On Saturday, July 8 we reconnect with the group from Northwest Bible Church, and followed them down to the town of Rio Hondo.
Susan, double checking everything.
Buses were all loaded with the 100+ work team from Northwest Bible Church heading towards the Atlantic/Caribbean coast to the small town of Rio Hondo - 4 hours down the road, provided there are no road construction delays.
There was a one hour delay, as the road construction crew stopped traffic both ways and we just sat there. This tests your patience.
Finally, after arriving at the hotel, we enjoyed our lunch.
Michelle got to stay with Natalie, living out in San Juan.
She arrived at Natalie's house on July 4th, just in time to help Natalie with her English speaking class. Since this was USA's Independence day, Natalie and Michelle taught about the history of United States of America.
They served Hot dogs, watermelon and enjoyed teaching about
the good ole' US of A.
3 days later, we re-connected with Natalie and Michelle in San Lucas. Michelle had a blast. She was the tallest person in the classroom. The Guatemalan students were shy at first in practicing their English, but soon learned that Michelle had a heart for the students.
I told Michelle, "Wow, living out in this small village...you are a real missionary!"
Thanks Michelle for helping Natalie. And thank you, Natalie, for opening your heart, home and classroom to Michelle.
Cory helped us several years ago as he served the missionaries of our mission by providing a program for their children and teens while the adults had our annual field conference. Fast forward, now, several years later, Cory came with the youth from his new church in Nashville, TN, for a week of ministry.
The restaurant where we reconnected with Cory, was right next to some old ruins. The "keeper" of the old Catholic church and convent, asked if the kids wanted to climb around the ruins. Well, who wouldn't? Then, as we were leaving, he asked for a "donation". I guess he got his money for the day.
With Natalie, her parents and brother with us, we decided to make a quick stop to visit veteran missionary, Helen E. Helen, a missionary kid her self, who grew up in Bolivia, attended High School boarding school in the United States, met her husband, fell in love, married, and then journeyed down to Guatemala in 1951 with her husband, David.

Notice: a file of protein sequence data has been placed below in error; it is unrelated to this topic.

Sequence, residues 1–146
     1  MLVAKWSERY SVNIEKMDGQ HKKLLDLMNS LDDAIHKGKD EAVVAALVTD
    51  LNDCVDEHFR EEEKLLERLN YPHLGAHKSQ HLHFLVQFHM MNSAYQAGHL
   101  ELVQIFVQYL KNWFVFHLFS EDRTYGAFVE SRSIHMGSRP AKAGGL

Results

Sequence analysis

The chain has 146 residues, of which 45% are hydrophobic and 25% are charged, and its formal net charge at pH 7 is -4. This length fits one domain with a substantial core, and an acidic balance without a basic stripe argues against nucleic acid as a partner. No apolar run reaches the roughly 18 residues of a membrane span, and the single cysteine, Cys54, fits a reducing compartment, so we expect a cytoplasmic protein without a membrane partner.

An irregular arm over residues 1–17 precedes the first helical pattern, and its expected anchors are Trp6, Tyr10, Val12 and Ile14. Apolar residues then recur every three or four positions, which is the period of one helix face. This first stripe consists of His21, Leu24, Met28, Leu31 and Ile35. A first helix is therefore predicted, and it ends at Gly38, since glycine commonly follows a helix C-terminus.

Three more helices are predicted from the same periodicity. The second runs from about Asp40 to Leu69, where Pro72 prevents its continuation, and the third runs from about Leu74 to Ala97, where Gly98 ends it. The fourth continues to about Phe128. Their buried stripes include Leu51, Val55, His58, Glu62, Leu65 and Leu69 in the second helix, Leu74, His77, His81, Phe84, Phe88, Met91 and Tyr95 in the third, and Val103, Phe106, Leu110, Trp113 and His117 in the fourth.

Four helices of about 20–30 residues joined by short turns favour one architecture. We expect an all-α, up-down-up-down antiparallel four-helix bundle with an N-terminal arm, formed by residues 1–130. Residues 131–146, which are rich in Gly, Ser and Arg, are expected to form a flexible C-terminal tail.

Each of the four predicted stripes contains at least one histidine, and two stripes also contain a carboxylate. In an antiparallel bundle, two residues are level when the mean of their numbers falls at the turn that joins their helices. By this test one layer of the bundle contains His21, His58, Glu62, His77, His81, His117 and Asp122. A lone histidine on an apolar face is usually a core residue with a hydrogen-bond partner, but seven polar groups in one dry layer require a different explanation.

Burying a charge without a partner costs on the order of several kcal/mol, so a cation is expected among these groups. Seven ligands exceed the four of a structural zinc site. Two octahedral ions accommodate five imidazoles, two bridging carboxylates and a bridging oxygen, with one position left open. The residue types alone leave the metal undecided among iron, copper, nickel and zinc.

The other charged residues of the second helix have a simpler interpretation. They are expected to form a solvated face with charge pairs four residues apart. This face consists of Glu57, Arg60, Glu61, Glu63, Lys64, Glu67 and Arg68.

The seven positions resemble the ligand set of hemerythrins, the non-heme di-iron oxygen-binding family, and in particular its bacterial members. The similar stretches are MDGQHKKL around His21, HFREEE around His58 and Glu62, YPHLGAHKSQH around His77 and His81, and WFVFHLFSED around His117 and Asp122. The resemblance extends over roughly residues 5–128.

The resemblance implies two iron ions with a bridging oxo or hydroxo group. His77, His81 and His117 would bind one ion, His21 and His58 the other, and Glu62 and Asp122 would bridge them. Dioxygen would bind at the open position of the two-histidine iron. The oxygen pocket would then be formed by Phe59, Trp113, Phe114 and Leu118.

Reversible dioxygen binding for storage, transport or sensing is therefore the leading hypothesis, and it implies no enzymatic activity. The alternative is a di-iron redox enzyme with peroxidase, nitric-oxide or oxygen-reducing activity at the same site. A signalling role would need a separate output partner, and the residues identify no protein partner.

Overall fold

David passed away several years ago, however, Helen continues her ministry, work, Bible Translation projects, etc. at the ripe young age of 89.
We were thrilled to stop by and see Helen and introduce her to Natalie's family.
This was an occasion to be together with the two book end,
the oldest and newest missionaries
with Camino in Guatemala.
Helen and her husband worked on 4 different Bible Translation projects here in Guatemala. Wow, what a testimony! Helen is still as sharp as ever.
We laughed, as the Doctor made sure her hair was combed correctly just before our group selfie.
Last weekend, we hosted Natalie and her parents. Natalie is our "newest" and "youngest" missionary here. She lives in a small town and teaches in the village of Chivoc, just up over the mountain ridge and down some valleys and around a few curves. She is a true missionary.
We gave them our "Quick tour" of SETECA and the Radio Station, followed by a brief stop at the Camino Mosoleum where we pointed out the "Heroes of Faith" that have given their lives to the work of the Lord here in Guatemala.
Then we made our usual stop at the city Dump. We later showed them the video "Reparando" - a documentary depicting the life and ministry of those who serve in and around the large Guatemala City dump.
We enjoyed our time taking the Eberline's grandkids around and showing them sights of the city. We visited at Casita Benjamin, drove by SETECA and Radio TGN, the cemetery and then watch from a distance as human vultures and real vultures fought over scraps and junk at the city dump.
Our afternoon was topped off by a quick visit to Pops Ice Cream to celebrate Jim and Cheryl's Anniversary. Just think Baskin and Robbins!